2 The equity–bond relationship: the past two decades

Historically, the correlation between equities and bonds has changed from negative to positive on multiple occasions, but it has been predominately negative since the late 1990s.111 There are several studies focusing on the underlying drivers of the relationship and the correlation between equities and bonds, including Wainscott (1990), Ilmanen (2003), Yang et al (2009), Baele et al (2009) and Wu et al (2022). In this paper, we look at this well-studied topic from a new angle through the application of ML.

Also, compared with corporate bonds, government bonds tend to have a lower correlation with equities. Therefore, in this paper we focus on the relationship between equities and government bonds rather than aggregate bonds. In particular, we look at the monthly performance of equities and government bonds between October 2000 and March 2021 for US and global indexes. We also make it a condition that the government bond yield for these returns must be below a certain threshold, in order to isolate the relationships that have historically held when interest rates are low. As we will see, over this period there are cases in which both equities and bonds have had positive returns (ie, the pairwise returns lie in an “up–up” state), cases in which equities have had positive returns but bonds have had negative returns (“up–down”), and, conversely, there have been cases in which pairs of returns have been in the “down–up” and “down–down” states. From an investor’s perspective, an ideal world would be one in which returns only lie in the “up–up” state. However, this is rarely the case and what we are really concerned with is how bonds perform in states in which equities have shown negative performance.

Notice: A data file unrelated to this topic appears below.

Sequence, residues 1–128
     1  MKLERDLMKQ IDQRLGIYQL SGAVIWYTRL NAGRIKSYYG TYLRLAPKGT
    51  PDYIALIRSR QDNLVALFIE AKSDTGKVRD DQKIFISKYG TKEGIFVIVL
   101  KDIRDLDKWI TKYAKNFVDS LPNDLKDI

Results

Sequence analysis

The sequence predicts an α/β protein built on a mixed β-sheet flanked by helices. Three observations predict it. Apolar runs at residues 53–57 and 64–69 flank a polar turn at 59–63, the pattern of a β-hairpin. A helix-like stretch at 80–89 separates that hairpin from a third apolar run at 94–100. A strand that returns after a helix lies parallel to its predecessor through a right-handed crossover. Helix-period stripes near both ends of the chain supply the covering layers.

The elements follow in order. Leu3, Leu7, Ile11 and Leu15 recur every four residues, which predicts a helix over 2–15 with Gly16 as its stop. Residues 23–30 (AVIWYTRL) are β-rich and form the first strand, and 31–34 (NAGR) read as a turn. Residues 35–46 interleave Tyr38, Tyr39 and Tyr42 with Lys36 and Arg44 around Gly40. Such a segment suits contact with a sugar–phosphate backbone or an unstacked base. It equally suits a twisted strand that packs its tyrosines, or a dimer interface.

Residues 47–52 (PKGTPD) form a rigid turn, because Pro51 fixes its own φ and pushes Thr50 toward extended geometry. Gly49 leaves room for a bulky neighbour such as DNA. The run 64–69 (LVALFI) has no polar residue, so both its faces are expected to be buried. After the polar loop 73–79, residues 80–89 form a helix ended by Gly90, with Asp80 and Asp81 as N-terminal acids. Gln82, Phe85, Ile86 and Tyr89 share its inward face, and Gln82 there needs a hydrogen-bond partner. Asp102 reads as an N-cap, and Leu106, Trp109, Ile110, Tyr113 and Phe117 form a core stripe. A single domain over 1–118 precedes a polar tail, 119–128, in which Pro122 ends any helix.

One approach to assess this could be to simply count the observations that fall into each of the four different quadrants, giving a sense of how frequently each market state happens. For example, when US equities show negative performance in our data set, US government bonds show positive performance roughly 63% of the time. However, this tells us nothing about the magnitude; perhaps bonds show small positive performance most of the time but there are a few scenarios in which both equities and bonds drop significantly (the remaining 37%). If that were the case, it would be unreasonable to say that bonds are good hedges against poor equity performance – in times of turmoil the last thing an investor wants is for both of their asset classes to lose money.